How Mentoring, Advocating or Donating Contributes to Healthy Child Development

This year during Child Abuse Prevention Month, we’re focusing on three concrete actions that people can do to help prevent child abuse and neglect. Those actions are to:

  • Mentor a child or parent
  • Advocate for family friendly policies, and
  • Donate time or money to a child serving agency.

But why did we choose to focus on these actions? The explanation comes from our social norms research.

What are Social Norms?

Social norms research is an emerging and critically important field of study for the prevention of child abuse and neglect. Social norms research aims to find gaps between actual norms – how people truly think, believe and act – vs. perceived norms – what people assume about how people think, believe and act. By studying actual and perceived norms, we can get a better picture of how people feel about a certain topic and what the barriers to better understanding or action might be.

Social Norms around Mentoring, Advocating or Donating

The goal of social norms research is to align norms alongside behavior that promotes health. For child abuse and neglect prevention, this means we can find out what attitudes people have towards prevention, what attitudes they believe others have towards prevention, and how we can show people that it’s normal to be involved in prevention.

In concert with social norms experts from The Montana Institute, we have commissioned research into attitudes for prevention and have learned two major takeaways. First, very few Americans (27%) report being involved with child abuse prevention. However – and here is the gap – a vast majority of Americans report being engaged in actions that do actively help prevent child abuse and neglect.

For example, mentoring children and parents helps strengthen relationships and reduce social isolation in parents. These two factors that are key to healthy development and abuse prevention. Most Americans are involved in mentoring already, with 56% of our survey respondents reporting being a mentor. A further 70% reported volunteering with children directly, another form of mentorship.

Another example would be taking the time to advocate for family friendly policies with your legislators, businesses, or schools. Whether you’re advocating for a bill that will provide funding to child development programs or working with your school’s PTA to get a new sexual abuse prevention curriculum put into place, you’re helping to prevent abuse and neglect. Even more respondents in our survey reported being engaged as an advocate, with more than 77% coming in saying they have advocated on behalf of children and families. In the same way, 90% of respondents reported donating time or money to youth-serving organizations.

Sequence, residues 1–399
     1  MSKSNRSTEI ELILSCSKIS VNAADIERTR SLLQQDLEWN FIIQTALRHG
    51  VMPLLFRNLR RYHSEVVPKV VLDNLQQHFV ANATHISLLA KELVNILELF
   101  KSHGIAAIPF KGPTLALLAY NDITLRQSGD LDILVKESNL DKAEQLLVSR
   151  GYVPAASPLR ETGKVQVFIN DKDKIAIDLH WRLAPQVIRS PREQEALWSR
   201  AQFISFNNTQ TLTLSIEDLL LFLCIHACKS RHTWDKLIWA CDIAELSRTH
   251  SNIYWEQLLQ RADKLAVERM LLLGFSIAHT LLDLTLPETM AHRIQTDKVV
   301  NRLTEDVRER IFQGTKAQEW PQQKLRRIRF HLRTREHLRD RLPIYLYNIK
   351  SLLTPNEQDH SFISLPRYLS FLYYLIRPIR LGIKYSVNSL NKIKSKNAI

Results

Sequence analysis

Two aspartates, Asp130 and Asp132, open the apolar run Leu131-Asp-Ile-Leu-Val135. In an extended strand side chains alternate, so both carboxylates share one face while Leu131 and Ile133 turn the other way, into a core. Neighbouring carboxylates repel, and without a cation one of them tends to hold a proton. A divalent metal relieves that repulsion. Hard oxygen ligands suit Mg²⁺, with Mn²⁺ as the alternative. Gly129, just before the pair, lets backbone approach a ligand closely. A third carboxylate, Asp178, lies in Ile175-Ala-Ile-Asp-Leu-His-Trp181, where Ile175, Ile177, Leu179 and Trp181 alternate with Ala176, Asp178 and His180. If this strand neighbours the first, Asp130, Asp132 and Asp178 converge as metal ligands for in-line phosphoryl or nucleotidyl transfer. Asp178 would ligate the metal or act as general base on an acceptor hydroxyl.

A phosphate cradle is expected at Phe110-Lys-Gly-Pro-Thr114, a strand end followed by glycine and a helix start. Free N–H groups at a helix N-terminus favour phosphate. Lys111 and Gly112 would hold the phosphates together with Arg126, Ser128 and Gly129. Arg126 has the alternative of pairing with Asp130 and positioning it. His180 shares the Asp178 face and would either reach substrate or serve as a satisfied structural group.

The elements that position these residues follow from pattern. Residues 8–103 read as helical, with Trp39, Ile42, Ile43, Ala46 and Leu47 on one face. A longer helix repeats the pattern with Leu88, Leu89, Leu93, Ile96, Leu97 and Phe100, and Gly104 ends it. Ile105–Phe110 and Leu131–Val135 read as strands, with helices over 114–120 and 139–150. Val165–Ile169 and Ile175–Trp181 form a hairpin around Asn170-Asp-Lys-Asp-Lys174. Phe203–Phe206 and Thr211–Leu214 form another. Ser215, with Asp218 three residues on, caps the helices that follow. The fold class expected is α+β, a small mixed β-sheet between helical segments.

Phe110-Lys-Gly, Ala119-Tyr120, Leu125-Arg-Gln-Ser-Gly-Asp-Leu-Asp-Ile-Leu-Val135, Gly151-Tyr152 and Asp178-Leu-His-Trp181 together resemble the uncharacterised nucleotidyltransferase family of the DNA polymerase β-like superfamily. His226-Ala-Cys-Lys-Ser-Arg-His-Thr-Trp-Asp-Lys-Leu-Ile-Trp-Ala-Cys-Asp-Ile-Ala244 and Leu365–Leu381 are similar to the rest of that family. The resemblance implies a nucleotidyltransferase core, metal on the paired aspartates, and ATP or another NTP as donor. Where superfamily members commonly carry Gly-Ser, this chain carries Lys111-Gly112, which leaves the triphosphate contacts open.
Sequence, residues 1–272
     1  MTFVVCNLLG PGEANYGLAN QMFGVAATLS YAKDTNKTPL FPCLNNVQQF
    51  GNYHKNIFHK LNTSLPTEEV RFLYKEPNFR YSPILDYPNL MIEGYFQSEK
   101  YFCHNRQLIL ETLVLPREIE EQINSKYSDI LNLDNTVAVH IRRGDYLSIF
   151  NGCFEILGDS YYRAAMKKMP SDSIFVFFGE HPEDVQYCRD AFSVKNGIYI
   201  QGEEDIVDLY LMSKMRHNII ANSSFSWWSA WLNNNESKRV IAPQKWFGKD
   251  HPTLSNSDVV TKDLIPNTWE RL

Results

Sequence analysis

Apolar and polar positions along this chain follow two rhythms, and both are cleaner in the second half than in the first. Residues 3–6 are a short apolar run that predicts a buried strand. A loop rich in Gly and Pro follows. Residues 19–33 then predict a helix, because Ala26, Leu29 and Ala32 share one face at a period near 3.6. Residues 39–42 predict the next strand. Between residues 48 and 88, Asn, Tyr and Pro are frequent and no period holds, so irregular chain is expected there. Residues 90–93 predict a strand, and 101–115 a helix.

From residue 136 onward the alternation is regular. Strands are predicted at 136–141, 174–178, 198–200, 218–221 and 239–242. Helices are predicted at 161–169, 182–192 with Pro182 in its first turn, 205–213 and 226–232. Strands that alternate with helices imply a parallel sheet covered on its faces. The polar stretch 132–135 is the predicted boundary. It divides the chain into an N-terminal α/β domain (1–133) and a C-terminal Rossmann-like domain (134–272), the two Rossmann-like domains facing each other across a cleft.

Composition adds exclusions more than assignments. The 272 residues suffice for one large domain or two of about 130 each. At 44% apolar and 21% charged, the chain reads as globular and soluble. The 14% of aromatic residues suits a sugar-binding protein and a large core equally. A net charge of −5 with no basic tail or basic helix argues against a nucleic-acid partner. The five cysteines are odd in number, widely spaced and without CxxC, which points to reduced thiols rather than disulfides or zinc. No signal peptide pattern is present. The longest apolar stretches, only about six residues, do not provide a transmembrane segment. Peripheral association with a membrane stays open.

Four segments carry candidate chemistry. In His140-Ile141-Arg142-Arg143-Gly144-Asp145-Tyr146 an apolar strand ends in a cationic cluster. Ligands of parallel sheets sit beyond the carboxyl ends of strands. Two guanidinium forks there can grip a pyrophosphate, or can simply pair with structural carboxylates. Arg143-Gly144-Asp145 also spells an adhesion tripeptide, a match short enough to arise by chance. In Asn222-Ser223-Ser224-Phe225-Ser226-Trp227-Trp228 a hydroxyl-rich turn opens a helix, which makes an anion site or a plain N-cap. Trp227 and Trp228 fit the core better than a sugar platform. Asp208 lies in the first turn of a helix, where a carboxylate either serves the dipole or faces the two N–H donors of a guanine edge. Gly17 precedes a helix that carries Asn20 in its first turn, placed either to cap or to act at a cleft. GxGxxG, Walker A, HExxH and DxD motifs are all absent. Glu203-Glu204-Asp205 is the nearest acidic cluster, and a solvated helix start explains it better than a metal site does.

The Gap for Prevention

What this research tells us is very heartening from a prevention standpoint because we’re learning that more Americans are already engaged than we would have thought. Our task is now to better connect these actions back to prevention. By doing so, not only can we help every day Americans better understand what prevention is, but we can show them how they are already playing a role and encourage others who may not already be involved to join the team! By helping the public understand that it is normal to be involved in child abuse and neglect prevention, we can increase support for prevention services and programs.

Next week on the blog we’ll go into more detail on mentorship and how mentors can increase the protective factors present in a community and help promote healthy child development.

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